The latest “story” book that I’ve read is Carmine Gallo’s newly-released The Storyteller’s Secret: From TED Speakers to Business Legends, Why Some Ideas Catch on and Others Don’t. Gallo, like Richard McKee and Richard Krevolin, both of whom I’ve written about lately, uses the generic noun “story” – not preceded by an article – as a short form for the gerund “story-telling.”
Carmine Gallo is a media trainer who focuses on business communications, especially presentation skills, and writes inspirational business books. He has written three about Steve Jobs and Apple, a book about presentation skills based on TED Talks, and now this book about story.
Gallo’s subtitle refers to “ideas that catch on and others [that] don’t” but he writes exclusively about ideas that catch on. His book is organized around stories about incredibly successful people to such an extent that he comes across as the “story-teller to the stars.”
Like Richard Krevolin, Gallo confines himself to heroic stories of successful struggle. “Every story – even the stories we tell ourselves – requires a hero, a struggle, and a happy ending” (p. 147). The tragic fable is not in his narrative universe. Indeed he quotes F. Scott Fitzgerald’s aphorism “show me a hero and I’ll write you a tragedy” to mean that heroes overcome adversity. A second interpretation, probably closer to that of the characters Fitzgerald created and the life he lived, is that heroic lives often end in tragedy.
Gallo’s chapters all involve stories of the lives of famous people who have overcome adversity (many rags-to-riches stories) and who are skillful story-tellers: Steve Jobs, Malala, Tony Robbins, Sting, Oprah, Sara Blakely (Spanx), Richard Branson, Pete Frates (ice bucket challenge). The stories are meant to be uplifting and to imply that story-telling ability was the secret of their success. The skeptic in me asks whether story-telling savvy was the only secret to their success (a necessary but not sufficient condition) or whether there are other people who have achieved great success without being master story-tellers (neither necessary nor sufficient). Looking to the technology sector, I haven’t heard many biographers claim that master story-telling had much to do with the achievements of Bill Gates, Jeff Bezos, Mark Zuckerberg, Sergey Brin, or Larry Page.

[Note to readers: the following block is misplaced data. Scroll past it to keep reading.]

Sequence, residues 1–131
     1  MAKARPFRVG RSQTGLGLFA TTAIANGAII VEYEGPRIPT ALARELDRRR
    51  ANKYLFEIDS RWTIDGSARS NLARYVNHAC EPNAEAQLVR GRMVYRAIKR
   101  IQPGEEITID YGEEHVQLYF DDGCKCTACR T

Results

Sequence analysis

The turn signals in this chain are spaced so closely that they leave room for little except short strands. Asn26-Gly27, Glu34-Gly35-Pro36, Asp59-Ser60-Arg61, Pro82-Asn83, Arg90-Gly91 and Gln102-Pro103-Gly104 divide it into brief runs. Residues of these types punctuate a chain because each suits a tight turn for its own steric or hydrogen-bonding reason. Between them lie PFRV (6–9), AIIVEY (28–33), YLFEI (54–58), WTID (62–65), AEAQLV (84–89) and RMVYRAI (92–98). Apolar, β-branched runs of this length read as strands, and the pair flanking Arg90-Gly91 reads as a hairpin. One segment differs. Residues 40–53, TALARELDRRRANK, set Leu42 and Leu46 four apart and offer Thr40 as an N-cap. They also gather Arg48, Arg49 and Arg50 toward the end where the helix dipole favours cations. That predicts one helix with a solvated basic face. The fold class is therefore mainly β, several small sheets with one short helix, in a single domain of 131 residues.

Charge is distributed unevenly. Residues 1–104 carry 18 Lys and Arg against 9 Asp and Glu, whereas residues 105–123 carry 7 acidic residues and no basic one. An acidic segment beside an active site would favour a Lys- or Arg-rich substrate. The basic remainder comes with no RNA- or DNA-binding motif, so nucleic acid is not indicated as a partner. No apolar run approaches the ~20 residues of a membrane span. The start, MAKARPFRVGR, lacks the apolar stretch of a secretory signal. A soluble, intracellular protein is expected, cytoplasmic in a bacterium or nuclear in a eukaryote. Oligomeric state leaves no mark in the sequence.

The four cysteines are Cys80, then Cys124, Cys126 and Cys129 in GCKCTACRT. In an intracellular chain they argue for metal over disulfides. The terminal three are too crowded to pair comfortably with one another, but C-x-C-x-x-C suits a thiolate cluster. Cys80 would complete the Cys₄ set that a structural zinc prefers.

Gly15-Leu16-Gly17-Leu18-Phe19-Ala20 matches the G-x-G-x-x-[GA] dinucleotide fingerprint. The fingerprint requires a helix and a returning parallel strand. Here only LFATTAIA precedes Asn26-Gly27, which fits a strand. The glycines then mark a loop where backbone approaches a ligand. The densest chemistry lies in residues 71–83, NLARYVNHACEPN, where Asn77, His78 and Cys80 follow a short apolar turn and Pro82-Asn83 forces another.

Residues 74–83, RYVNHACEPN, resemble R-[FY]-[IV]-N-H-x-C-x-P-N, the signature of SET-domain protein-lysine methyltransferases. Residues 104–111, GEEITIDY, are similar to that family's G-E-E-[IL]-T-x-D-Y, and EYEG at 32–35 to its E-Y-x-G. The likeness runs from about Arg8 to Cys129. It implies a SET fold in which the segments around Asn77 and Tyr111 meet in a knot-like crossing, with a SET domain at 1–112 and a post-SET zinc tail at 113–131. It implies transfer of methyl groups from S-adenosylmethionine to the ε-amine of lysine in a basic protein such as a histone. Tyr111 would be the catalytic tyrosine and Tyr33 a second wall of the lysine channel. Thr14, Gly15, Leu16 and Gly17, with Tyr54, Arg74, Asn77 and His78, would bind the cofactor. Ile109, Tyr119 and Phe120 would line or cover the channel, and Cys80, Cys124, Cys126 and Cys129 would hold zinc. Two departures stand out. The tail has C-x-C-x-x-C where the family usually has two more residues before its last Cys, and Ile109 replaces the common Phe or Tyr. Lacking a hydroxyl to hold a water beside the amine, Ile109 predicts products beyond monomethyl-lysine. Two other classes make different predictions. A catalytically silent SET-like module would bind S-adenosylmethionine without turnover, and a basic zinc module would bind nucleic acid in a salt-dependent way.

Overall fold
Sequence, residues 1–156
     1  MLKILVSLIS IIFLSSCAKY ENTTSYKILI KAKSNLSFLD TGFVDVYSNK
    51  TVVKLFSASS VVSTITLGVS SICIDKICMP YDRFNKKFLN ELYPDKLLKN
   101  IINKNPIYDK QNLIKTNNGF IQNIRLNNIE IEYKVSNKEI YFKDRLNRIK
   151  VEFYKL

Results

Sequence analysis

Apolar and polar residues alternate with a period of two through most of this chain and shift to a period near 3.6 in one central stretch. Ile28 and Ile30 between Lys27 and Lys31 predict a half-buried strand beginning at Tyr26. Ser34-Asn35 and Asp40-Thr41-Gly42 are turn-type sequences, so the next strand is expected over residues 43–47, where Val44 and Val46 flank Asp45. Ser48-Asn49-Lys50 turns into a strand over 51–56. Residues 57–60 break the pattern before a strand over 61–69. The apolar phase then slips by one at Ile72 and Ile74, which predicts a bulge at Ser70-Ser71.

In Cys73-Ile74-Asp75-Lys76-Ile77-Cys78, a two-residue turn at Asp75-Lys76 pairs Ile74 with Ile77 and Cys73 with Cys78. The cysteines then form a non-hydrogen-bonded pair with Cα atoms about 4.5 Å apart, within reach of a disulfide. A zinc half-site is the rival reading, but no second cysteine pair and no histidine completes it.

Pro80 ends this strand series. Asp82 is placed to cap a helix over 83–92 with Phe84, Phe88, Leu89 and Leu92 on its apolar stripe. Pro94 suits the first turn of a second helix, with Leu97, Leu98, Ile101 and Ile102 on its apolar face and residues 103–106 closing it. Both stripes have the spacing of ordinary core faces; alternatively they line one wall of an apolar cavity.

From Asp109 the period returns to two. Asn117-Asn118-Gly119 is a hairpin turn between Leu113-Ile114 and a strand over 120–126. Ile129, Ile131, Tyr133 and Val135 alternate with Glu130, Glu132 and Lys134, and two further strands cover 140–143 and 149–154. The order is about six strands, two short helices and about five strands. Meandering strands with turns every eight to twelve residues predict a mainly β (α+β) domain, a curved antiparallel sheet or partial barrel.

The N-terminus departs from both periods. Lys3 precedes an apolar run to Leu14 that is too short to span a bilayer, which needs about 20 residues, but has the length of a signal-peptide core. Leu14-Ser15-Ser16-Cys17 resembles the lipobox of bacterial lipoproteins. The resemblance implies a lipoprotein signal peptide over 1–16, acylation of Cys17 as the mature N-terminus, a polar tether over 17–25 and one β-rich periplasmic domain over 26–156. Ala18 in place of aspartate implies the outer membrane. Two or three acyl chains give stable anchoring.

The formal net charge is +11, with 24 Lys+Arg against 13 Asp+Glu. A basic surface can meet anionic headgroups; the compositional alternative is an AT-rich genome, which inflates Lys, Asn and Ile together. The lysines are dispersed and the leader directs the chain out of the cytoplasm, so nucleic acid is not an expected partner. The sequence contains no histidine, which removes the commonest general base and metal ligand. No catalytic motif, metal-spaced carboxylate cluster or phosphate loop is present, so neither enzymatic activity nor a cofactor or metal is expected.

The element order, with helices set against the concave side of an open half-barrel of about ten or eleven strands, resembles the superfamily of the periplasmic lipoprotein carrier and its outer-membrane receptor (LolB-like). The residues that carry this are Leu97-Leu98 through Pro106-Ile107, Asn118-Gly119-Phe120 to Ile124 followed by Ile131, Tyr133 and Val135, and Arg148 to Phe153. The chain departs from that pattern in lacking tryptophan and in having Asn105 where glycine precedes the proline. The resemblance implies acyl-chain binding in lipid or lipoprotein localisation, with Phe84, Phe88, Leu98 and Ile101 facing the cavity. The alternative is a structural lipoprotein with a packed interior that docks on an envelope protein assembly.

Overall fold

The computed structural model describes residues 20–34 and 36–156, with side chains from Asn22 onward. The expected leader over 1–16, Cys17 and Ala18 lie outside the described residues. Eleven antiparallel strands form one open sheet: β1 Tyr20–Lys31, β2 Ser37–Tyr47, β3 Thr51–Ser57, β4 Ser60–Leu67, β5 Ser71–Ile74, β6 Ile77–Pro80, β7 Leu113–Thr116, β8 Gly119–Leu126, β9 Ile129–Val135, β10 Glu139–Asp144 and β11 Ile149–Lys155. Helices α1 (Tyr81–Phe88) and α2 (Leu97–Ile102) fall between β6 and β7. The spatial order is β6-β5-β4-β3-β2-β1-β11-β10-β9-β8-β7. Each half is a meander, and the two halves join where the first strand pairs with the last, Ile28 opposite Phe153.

Three things irritate me about Gallo’s mode of presentation.
First, his chapters invariably end with inspirational exhortations like “A good story can help explain an idea. A great story educates, inspires, and ultimately fires up our collective imagination. Tell great ones.” (p. 86). There is only so much inspiration this reader can take.
Second, while some of Gallo’s leadership stories are based on his own primary research, others are based on secondary research adapted to his message. For example, he retells the story of Churchill leading the war cabinet to resist Germany’s peace feelers over Lord Halifax’s objections but mangles it badly, even though the source he consulted – Boris Johnson’s book about Churchill – got it right.
Third, Gallo drops – as non sequiturs in the midst of any given chapter – references to the neurological research on how people respond to narrative. The reference I found most amusing was to the NSS discovery that neural coupling “only occurred when the speaker was telling a story to the listener in a language familiar to the listener. For example, when a speaker told the story in Russian to non-Russian speakers, the coupling did not take place” – a conclusion deserving of an ig-Nobel prize. These references were done to buttress his argument with the patina of academic respectability. A better approach would have been to summarize the literature at the start of the book.
Despite all I’ve written to this point, I will acknowledge that Gallo has some good suggestions about how to tell a story effectively, in particular by linking it to one’s personal story. These suggestions can be found in an appendix entitled “the story-teller’s secret” (pp. 235-243). The appendix is good value, and it’s too bad that Gallo didn’t expand them into an article. But books are more profitable than articles. So to get to the suggestions, Gallo needs to march us from Westminster to Silicon Valley and to the TED podium. This reader’s secret: start at the back.
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